by Rich & Deborah Murphy
According to a survey we saw a few years ago, Christian couples who have been married for more than one year have sex with their spouse an average of twice a month. With God's plan for sexual intimacy being to make us one flesh, is this enough? I'm sure we could all offer our own opinion about this, but I'd much rather hear what God's opinion is.
First Corinthians 7:5 says: "Do not refuse and deprive and defraud each other [of your due marital rights], except perhaps by mutual consent for a time, so that you may devote yourselves unhindered to prayer. But afterwards resume marital relations, lest Satan tempt you [to sin] through your lack of restraint of sexual desire." (Amplified) In this verse, God says very clearly:
· Do not avoid sexual intimacy unless it is for a time of prayer and fasting.
· Only avoid sexual intimacy if it is by agreement between both parties.
· If you jointly decide to have a time without sexual intimacy, limit it, so you don't fall into sexual temptation.
Don't think that you can take only one of these statements and use it by itself. God has made it clear that all three of these conditions must be met. Otherwise, any avoidance of sexual intimacy in your marriage is defrauding your spouse.
So, this then raises the question of how long do we fast and pray. Let's be honest. Most Christians today do very little praying, and even less fasting. Even for those who do fast, God hasn't required them to avoid sexual intimacy, only given them the option to do that for him. When they fast, the time that they would normally use in eating or lovemaking is to be used solely for prayer.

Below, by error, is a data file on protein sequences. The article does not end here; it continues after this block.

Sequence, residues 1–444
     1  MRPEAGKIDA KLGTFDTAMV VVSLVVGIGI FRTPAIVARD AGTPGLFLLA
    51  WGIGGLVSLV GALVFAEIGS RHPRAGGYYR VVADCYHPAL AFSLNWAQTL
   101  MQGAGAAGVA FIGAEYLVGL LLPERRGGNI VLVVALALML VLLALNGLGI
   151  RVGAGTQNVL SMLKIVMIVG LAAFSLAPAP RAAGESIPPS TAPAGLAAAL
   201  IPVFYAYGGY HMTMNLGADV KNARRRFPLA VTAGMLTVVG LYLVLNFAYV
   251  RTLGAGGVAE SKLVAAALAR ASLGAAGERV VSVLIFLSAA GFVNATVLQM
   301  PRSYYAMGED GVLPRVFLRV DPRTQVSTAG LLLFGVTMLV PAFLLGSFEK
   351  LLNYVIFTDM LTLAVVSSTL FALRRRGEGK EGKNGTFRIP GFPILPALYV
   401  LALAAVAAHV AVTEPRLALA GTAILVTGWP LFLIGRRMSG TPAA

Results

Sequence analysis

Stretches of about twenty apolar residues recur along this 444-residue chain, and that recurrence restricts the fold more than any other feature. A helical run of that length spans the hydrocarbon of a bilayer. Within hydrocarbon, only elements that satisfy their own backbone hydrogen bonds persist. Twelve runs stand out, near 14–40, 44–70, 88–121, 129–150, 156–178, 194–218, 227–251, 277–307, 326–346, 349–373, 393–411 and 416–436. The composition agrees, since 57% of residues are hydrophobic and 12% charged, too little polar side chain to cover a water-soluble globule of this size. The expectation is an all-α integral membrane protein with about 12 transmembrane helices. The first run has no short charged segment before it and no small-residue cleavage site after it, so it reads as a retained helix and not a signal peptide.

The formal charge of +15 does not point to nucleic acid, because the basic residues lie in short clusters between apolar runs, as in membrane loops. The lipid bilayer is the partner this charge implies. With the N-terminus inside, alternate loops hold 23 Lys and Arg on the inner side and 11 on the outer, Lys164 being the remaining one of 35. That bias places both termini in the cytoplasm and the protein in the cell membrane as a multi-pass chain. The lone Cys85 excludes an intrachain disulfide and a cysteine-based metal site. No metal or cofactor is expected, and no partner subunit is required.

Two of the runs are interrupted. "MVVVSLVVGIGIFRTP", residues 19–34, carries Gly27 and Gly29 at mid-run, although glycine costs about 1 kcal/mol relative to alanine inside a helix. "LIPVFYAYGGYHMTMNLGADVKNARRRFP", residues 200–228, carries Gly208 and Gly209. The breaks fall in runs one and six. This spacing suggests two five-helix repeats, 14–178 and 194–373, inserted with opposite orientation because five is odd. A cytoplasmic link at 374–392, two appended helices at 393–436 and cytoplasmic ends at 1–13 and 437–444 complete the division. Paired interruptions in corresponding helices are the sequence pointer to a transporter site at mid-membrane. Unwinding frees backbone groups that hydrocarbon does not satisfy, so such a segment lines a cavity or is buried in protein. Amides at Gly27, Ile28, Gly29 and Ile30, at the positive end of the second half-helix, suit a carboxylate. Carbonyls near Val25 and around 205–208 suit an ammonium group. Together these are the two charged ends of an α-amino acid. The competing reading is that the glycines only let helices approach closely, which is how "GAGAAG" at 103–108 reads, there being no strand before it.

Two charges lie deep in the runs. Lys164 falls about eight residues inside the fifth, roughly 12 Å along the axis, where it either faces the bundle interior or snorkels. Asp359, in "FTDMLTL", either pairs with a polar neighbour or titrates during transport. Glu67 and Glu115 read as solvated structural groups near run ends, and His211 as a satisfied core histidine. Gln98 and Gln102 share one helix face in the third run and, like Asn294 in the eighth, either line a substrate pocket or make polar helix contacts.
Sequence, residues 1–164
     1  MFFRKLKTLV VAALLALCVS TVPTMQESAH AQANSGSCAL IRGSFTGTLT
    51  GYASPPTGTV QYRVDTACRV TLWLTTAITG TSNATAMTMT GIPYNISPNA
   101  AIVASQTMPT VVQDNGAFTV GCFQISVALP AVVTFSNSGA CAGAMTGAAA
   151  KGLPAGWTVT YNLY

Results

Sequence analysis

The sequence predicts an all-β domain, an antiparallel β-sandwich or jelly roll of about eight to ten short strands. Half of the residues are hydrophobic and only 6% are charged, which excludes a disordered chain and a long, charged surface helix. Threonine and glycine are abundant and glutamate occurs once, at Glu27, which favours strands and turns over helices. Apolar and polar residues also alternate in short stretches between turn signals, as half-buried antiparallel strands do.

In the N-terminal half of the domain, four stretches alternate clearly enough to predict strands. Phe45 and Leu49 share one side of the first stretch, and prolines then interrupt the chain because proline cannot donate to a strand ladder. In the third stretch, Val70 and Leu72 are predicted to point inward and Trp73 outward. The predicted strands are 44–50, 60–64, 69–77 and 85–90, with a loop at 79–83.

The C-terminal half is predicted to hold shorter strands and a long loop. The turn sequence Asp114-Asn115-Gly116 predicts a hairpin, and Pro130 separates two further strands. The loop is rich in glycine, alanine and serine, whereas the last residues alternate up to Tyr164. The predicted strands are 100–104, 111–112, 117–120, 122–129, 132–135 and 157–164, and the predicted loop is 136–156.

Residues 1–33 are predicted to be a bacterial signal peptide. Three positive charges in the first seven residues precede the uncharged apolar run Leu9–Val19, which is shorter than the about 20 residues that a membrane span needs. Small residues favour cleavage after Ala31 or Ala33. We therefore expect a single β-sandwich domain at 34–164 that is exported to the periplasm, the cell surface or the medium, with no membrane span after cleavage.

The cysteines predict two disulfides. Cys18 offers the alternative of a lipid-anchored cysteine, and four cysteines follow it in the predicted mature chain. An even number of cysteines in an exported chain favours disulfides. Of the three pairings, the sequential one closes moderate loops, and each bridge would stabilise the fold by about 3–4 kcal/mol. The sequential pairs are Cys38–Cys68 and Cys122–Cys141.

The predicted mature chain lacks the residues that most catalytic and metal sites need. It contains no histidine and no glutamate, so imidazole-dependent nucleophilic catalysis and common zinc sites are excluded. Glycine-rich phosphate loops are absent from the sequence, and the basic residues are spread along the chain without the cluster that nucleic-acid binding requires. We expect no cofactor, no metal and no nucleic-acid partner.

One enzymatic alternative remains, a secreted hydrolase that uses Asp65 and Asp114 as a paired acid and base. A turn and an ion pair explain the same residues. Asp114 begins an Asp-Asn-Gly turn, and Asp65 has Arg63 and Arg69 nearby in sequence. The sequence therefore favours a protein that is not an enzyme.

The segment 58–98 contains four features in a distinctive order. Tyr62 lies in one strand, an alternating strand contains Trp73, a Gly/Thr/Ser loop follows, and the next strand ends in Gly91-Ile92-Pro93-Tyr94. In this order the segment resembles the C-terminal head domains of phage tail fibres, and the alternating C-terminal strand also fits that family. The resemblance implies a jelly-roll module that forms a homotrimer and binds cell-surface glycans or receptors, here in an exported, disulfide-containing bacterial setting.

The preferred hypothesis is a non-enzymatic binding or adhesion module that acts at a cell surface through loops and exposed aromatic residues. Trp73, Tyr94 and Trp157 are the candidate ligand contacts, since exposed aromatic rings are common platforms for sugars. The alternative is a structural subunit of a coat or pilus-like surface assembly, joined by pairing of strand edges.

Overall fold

Well now, how many meals do you eat a day? If you are like most of us, you eat three times a day, with maybe a snack or two in between. If you fast, it might be for only one meal, or maybe one day. Finding a couple who decides to fast together is even more rare. So, what we actually have, is people (especially women) deciding to abstain from sex for fasting as an excuse, and not even praying during that time. This is an invalid excuse! Don't twist God's Word to give you a loophole. Insead, let God's Word mold you into His Son's image.
Basically, our bodies are designed in such a way that we need to eat every day. We are uncomfortable, and our health can go downhill if we don't. Guess what? If we're not fasting, we have no excuse to avoid sexual intimacy either. Otherwise, our marital health can go downhill, even faster than our body's health will go downhill from avoiding eating. This isn't an issue for pleasure, it is an issue for the health of our marriages!